When I was three the Potomac froze and Ed Young took me down there, put me on a sled and started skating, pulling me behind. The rope broke and I was flying down the river all alone. I remember that even today! I still have an old Flexible Flyer sled and also a soapbox scooter I made with old skate wheels. Also, in the winter back then we didn’t have to buy Christmas trees. We just went to the woods at Jackson Street across Lorcom Lane, cut down a tree and dragged it home.
Two things happened in 1912. The American flag got up to 48 stars. And the Washington and Old Dominion Car Line came to Maywood. We had two stations: Thrifton (you can still see one of the old walls in the park) and Dominion Heights up at Mackey Street (Monroe St. today). Those were also the only two entrances into Maywood and both of them had a set of concrete steps. Once my grandmother came to visit. She didn’t come by railroad, she came by horse-drawn jitney, right up to the house! The jitney wasn’t supposed to leave the main road, but somehow she talked them into going off course. The other passengers carried her baggage to our door! It would be like having a Metrobus leave its route for you today. But no one was in a hurry back then.
Back then Maywood wasn’t restricted to residential. Mrs. Bruce had a small store in her front room on Grant Street (now Kenmore St.), from which she sold groceries and school supplies. We shopped with string bags. Every family had a string bag to carry small amounts of food or supplies. And Mrs. Lockling ran a kindergarten on the second floor of her house on Columbia Street. (Today it’s the yellow house with the big chimney on 21st Avenue.) That’s where I went. For grade school, I went to Cherrydale Elementary, a big red brick building where the nursing home is today. For high school the young people either went to Washington or to Alexandria.
We kids didn’t have television but we still had fun. We played in the street – tag, “Red Light,” football and baseball. We’d sit around the fireplace in the living room and roast frankfurters and toast marshmallows. We’d flip cards, which was a form of gambling, but we did it only as a fun thing. We knew where all the culverts were and we’d crawl through them. I was the natural leader because I was the oldest. Or we’d come over to my front porch and 10 of us would crowd onto the porch swing and really get it going. On the Bluemont Line there was a railroad trestle which crossed over Georgetown Road. Some kids would lie down on the superstructure below the ties and have the thrill of being run over by the trains. For smoking experiments, the stuff we tried was enough to kill a horse – corn silk, rabbit weed and milkweed floss wrapped in brown paper or newspaper. We also tried Catalpa leaves, which we called Indian Cigars. Also, Georgetown Road was a tar road — bare ground covered with tar. In the summer the tar would boil up and we would burst the bubbles with our bare toes. The place to go in the summer was Great Falls Park which had a carousel and dancing, along with the Falls, of course. The Baptist Church sponsored many trips there for us.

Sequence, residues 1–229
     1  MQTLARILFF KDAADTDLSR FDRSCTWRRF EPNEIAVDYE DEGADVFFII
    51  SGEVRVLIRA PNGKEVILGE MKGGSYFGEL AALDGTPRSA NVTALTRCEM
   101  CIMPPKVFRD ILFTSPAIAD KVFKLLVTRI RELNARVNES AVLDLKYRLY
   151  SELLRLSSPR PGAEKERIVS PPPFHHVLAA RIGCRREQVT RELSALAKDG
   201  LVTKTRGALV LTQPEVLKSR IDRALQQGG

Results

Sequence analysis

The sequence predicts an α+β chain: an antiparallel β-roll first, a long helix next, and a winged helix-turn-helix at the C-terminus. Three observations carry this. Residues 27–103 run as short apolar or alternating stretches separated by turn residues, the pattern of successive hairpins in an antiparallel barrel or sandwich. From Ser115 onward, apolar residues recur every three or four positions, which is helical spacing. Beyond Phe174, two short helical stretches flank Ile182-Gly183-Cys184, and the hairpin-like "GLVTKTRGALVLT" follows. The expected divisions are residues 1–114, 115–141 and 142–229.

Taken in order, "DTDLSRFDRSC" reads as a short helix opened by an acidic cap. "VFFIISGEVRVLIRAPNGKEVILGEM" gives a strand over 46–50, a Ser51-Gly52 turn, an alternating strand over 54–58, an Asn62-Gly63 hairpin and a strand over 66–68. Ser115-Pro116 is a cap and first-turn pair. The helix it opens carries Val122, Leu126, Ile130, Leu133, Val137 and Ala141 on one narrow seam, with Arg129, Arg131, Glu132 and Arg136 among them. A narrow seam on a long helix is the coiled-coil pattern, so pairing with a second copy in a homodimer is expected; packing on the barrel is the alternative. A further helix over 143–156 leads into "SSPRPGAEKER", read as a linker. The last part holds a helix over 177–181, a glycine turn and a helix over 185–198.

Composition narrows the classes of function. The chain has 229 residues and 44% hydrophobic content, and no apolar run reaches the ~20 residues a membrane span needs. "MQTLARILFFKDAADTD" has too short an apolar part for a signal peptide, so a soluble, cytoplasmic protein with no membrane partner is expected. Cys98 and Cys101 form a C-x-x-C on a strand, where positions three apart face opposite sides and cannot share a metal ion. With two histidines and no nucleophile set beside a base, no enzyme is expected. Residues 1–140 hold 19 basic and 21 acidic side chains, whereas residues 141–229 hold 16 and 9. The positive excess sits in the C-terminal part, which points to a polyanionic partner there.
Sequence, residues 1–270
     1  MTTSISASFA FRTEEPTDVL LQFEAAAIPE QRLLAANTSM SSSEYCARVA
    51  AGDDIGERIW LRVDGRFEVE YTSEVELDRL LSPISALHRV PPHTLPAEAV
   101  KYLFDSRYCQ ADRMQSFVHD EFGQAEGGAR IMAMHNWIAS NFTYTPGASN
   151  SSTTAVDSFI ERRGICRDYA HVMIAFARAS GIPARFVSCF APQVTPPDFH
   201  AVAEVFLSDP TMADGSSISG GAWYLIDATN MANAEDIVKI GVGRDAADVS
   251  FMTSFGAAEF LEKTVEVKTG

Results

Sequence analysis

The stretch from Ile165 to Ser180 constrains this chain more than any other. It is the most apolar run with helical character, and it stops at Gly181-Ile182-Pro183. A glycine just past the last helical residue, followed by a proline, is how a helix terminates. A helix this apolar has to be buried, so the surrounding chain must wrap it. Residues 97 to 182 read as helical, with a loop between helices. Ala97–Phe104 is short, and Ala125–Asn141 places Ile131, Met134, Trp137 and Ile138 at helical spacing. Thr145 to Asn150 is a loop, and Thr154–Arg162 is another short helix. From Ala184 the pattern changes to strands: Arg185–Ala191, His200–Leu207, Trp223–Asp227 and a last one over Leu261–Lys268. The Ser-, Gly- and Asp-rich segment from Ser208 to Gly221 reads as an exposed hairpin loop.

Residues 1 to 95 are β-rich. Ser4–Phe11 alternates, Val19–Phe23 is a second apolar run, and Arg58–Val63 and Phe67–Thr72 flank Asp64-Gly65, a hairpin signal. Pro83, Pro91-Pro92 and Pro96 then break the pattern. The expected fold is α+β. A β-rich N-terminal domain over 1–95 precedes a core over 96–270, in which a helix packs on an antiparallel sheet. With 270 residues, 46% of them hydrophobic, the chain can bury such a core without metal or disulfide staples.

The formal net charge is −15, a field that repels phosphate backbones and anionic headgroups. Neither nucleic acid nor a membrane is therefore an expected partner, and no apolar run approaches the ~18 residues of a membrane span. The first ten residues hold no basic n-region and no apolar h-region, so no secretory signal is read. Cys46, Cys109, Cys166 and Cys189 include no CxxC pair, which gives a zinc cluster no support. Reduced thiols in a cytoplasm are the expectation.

There were lots of changes in the 1930s. In 1933 Lee Highway was widened from 16 feet to 24 feet – two lanes to three. It was more dangerous then, because everyone tried to pass in both directions and there wasn’t room. The next year the streetcar stopped running – 1934. Ironically, it was the only year that the streetcar actually made a profit. Also around then the County decided to rename all the streets and change the numbering system. They had to, it was a mess. There were 8 different Cedar Streets – ours plus seven others. Making deliveries was impossible. The stores said that if the county didn’t change the system they would stop making deliveries.
As for some of the old timers in Maywood, Ed Gharrity was a catcher for the Washington Senators. He lived on Cedar Street next to the fire substation. Later he sold the house to Jim Shaw, a pitcher for the Senators. Mr. Burgee was a teacher at Cherrydale School. So was Mrs. Ellis, who later became principal. George West and his family were colored but there was no discrimination – we played with their kids. Mr. Falconer, a member of the Navy band, was killed in a plane crash going to Europe. (Back then flights couldn’t fly directly across the Atlantic – they would fly south to Brazil, then across to Africa, then on to Europe.) H.C. Roberts, who lived at Cedar and Allison (right across from my house) was a West Point graduate but he worked for the Navy making maps and plans. Later Mr. Roundy lived there – he was a movie projectionist for schools and commercial theaters. Mr. Goodner was a lawyer, and Sam Fox quit the Bureau of Standards to work as an electrician on his own – he did a great amount of wiring work in Maywood. Then there was Mr. Toone who lived on Columbia Street (now 21st Avenue) and owned Cherrydale Cement Block Company on Georgetown Rd. Toone got in just as the County was doing a lot of building, and his cement blocks now line many utility holes. We had some famous visitors, too. Jeanette Macdonald, a famous movie star and singer, would come and visit the Wrights. Lawrence Tibbitts, a famous tenor, would visit the Manions. We all enjoyed listening to them sing.
During World War II everyone had to use ration coupons. Meat coupons were red, groceries were blue, plus there were coupons for gas. There was really no need to ration, but it made people feel like they were helping. I had a victory garden, but when I was drafted no one tended it and it didn’t do too well. My potatoes came out so small, I took a picture of one that was the diameter of a quarter. When I was called up I made up a fake front page of the newspaper with a big headline, “McAtee Caught in Draft.” Back then we had lots of papers – not only the Post but also the Daily News, the Times, the Herald, and the Star. When I was young I was a substitute and delivered them all at one time or another. They all merged together and now they’re all gone, except the Post. Our air raid warden for Maywood was Mr. Rohrbach. He would go around making sure that everyone had drawn their blackout curtains so that the Germans couldn’t see any place to bomb. It may have been important along the coast but it was a big joke in Arlington. But people felt that they were doing their part for the war. It sure made Maywood dark.